The stockmarket is now down over 20 per cent from the top. The bad news is aggregating by the day. Foreign institutional investors have sold equity worth over Rs 11,000 crore in the Indian market since then.
Inflation has been climbing up week after week and stands at 7.33 per cent, down marginally from 7.41 per cent in the previous week, as we go to print.
Commodity prices are at their all-time highs. A barrel of crude oil now costs $114. The global economy is expected to slow down, and the on-steroids Indian economy is to moderate. These facts are hard to digest.
All the more so if you are an equity investor who has witnessed the unprecedented bull run of the last four years. When, between May 2004 and January 2008, you have became used to seeing your equity investments grow by a compounded annual rate of about 40 per cent-plus it is hard to come to terms with a 10-15 per cent growth.
Even after this 20 per cent correction in the markets, the near future does not look very rosy. With no short-term upside visible, should you exit equity markets completely? If you are a long-term investor, as one should be, there is no need to abandon equity as an asset class, even if you are scared after witnessing the effects of the falling market on your portfolio. However, what you do need to do is restructure your portfolio. Look out for stocks that have a high earning visibility. These are bound to be good long-term performers.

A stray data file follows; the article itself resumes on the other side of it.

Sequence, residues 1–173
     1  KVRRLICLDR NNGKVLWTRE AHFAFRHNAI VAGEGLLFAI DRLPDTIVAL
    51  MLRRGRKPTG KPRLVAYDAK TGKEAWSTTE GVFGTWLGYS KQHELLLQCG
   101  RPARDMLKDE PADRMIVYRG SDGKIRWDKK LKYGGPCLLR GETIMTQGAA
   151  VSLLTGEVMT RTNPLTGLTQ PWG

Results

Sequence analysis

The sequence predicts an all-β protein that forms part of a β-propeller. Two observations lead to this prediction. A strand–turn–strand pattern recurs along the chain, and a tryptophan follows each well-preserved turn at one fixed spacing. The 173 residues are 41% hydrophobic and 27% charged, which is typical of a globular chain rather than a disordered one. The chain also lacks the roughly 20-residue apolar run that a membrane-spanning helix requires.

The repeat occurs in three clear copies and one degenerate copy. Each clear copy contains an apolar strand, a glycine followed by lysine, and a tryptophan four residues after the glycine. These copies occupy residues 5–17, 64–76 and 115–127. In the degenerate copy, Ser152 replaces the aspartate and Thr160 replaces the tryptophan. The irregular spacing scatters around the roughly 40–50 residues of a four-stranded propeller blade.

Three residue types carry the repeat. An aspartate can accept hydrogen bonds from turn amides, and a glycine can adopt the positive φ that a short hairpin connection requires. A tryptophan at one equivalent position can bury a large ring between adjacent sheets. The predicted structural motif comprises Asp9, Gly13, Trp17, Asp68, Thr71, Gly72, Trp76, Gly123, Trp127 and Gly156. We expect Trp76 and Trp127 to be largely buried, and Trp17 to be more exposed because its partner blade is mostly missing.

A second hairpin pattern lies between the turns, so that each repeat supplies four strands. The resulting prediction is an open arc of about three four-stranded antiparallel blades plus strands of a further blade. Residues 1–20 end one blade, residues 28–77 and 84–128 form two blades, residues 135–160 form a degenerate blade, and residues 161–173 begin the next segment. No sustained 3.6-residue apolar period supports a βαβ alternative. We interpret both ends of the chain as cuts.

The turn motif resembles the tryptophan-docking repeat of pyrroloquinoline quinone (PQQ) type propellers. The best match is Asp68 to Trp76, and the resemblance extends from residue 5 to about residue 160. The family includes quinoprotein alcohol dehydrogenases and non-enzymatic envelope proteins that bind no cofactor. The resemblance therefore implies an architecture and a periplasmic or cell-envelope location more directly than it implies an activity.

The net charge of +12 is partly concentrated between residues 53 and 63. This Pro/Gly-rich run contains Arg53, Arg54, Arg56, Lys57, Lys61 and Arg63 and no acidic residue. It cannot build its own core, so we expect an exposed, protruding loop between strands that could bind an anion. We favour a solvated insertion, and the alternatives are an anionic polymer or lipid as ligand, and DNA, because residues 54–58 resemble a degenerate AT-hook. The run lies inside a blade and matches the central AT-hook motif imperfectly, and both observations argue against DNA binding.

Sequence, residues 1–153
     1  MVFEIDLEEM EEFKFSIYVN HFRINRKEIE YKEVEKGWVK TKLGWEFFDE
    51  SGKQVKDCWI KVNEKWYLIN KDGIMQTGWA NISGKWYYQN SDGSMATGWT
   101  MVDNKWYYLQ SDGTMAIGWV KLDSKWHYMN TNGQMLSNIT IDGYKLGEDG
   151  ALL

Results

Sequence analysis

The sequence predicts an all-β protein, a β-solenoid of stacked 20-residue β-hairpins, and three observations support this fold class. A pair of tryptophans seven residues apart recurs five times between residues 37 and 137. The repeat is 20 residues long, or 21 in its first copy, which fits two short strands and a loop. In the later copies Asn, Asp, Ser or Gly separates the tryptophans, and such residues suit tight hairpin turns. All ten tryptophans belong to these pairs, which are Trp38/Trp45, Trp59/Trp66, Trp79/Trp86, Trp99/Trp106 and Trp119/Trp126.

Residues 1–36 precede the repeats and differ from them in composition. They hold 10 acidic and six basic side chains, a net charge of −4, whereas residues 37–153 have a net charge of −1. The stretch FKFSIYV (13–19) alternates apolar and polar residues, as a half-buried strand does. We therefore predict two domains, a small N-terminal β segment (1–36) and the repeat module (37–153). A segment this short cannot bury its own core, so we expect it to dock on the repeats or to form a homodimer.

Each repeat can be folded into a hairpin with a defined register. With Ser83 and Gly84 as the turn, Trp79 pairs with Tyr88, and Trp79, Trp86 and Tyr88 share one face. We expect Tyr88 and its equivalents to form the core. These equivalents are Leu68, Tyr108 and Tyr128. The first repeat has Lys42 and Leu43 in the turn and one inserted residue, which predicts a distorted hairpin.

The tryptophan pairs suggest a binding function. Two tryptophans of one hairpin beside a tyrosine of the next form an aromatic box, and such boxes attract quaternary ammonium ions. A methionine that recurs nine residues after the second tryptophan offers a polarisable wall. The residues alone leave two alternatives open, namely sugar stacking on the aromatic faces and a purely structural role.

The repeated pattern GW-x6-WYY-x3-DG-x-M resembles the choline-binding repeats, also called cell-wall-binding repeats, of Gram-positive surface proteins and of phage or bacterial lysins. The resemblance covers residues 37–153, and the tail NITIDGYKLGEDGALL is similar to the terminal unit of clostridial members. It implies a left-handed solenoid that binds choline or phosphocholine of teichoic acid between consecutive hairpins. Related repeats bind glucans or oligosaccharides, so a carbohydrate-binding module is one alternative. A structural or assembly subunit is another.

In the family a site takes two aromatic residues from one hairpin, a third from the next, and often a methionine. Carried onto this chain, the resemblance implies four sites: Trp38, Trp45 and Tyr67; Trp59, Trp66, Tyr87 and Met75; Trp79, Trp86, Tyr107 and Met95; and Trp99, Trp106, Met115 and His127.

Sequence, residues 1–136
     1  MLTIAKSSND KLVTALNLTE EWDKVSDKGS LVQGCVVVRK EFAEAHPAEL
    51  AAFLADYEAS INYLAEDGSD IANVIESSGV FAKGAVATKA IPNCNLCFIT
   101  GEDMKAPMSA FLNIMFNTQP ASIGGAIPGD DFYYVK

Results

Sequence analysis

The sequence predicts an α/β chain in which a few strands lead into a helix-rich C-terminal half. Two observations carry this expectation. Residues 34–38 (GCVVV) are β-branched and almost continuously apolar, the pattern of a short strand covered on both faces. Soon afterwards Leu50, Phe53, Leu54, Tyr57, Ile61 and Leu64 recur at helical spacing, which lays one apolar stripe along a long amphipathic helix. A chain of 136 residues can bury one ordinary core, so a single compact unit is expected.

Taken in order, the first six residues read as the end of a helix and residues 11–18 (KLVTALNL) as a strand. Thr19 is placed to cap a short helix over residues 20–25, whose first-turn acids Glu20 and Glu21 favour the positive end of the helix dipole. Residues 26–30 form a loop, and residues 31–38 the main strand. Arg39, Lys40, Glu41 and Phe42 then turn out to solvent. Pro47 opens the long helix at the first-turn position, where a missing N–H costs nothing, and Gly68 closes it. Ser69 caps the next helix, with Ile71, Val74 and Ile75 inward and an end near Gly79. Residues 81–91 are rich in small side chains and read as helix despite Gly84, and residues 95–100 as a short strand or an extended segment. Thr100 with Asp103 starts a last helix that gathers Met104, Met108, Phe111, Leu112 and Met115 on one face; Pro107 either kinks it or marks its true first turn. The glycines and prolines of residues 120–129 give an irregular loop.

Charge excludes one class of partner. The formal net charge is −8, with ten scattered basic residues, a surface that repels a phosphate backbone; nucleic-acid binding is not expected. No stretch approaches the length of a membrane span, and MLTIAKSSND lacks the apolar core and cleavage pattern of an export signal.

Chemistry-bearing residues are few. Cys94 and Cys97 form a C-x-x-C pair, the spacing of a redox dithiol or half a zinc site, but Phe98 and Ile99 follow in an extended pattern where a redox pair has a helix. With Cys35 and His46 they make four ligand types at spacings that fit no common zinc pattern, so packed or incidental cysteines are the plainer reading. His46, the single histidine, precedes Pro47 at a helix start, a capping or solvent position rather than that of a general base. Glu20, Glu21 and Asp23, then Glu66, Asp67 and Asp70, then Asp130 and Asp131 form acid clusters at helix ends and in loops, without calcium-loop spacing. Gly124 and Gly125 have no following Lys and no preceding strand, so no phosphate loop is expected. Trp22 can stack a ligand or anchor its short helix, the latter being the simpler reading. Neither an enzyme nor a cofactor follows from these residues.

If your interest is for the short term, then you should avoid taking any position at this stage. Intra-day volatility is high and as the market is very nervous, there is no telling what will trigger a huge rise or fall on an everyday basis.
For the next few weeks, market sentiment will be governed largely by corporate results. For now, it looks like the earning momentum is still intact and valuations have become attractive.
A market report released by Angel Broking, a prominent Indian broking firm, on 5 April, says: "For FY07-10 estimated, Sensex companies are expected to log in a compounded annual growth rate of 21.5 per cent. For FY09 and FY10 estimated, the Sensex is expected to post an earnings per share of Rs 976 and Rs 1,193, respectively."
Investing in large-cap stocks can be a good idea as large-cap companies recover first when markets recover. For example, in the May-June 2006 market fall, the Sensex dropped from 12,600 to 9,800. The BSE Small Cap Index also corrected from 7,800 to 4,800. The Sensex recovered in September 2006 but the Small Cap Index reached its previous level only in July 2007.
There is no reason for you to be worried if you have fundamentally good, well-managed companies in your portfolio. Ignore the daily ups and downs of the market and focus on the long-term earning potential of your stocks. Snap up a good stock that you could not buy earlier because of high valuations if it has shed some weight now, thanks to this correction.